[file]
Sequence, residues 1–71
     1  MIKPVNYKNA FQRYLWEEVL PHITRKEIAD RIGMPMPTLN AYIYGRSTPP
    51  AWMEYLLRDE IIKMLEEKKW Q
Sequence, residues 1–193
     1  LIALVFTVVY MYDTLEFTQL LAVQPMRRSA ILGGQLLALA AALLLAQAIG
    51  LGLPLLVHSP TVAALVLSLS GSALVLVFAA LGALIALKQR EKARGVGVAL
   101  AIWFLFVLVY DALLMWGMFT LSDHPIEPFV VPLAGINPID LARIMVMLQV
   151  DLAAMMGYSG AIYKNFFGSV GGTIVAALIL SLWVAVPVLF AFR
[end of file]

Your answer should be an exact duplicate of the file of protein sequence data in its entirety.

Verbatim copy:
Sequence, residues 1–71
     1  MIKPVNYKNA FQRYLWEEVL PHITRKEIAD RIGMPMPTLN AYIYGRSTPP
    51  AWMEYLLRDE IIKMLEEKKW Q
Sequence, residues 1–193
     1  LIALVFTVVY MYDTLEFTQL LAVQPMRRSA ILGGQLLALA AALLLAQAIG
    51  LGLPLLVHSP TVAALVLSLS GSALVLVFAA LGALIALKQR EKARGVGVAL
   101  AIWFLFVLVY DALLMWGMFT LSDHPIEPFV VPLAGINPID LARIMVMLQV
   151  DLAAMMGYSG AIYKNFFGSV GGTIVAALIL SLWVAVPVLF AFR